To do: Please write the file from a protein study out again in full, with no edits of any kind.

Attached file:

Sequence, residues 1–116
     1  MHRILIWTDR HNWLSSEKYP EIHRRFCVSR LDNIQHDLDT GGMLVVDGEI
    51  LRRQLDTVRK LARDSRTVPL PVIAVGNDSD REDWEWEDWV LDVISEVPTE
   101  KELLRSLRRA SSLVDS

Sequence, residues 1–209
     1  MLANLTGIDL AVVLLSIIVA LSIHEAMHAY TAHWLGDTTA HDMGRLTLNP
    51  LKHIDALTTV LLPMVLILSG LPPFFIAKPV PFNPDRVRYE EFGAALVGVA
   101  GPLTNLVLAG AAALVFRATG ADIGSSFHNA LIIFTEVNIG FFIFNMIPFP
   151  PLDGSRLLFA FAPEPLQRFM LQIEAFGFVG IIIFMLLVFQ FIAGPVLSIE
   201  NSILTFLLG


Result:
Sequence, residues 1–116
     1  MHRILIWTDR HNWLSSEKYP EIHRRFCVSR LDNIQHDLDT GGMLVVDGEI
    51  LRRQLDTVRK LARDSRTVPL PVIAVGNDSD REDWEWEDWV LDVISEVPTE
   101  KELLRSLRRA SSLVDS

Sequence, residues 1–209
     1  MLANLTGIDL AVVLLSIIVA LSIHEAMHAY TAHWLGDTTA HDMGRLTLNP
    51  LKHIDALTTV LLPMVLILSG LPPFFIAKPV PFNPDRVRYE EFGAALVGVA
   101  GPLTNLVLAG AAALVFRATG ADIGSSFHNA LIIFTEVNIG FFIFNMIPFP
   151  PLDGSRLLFA FAPEPLQRFM LQIEAFGFVG IIIFMLLVFQ FIAGPVLSIE
   201  NSILTFLLG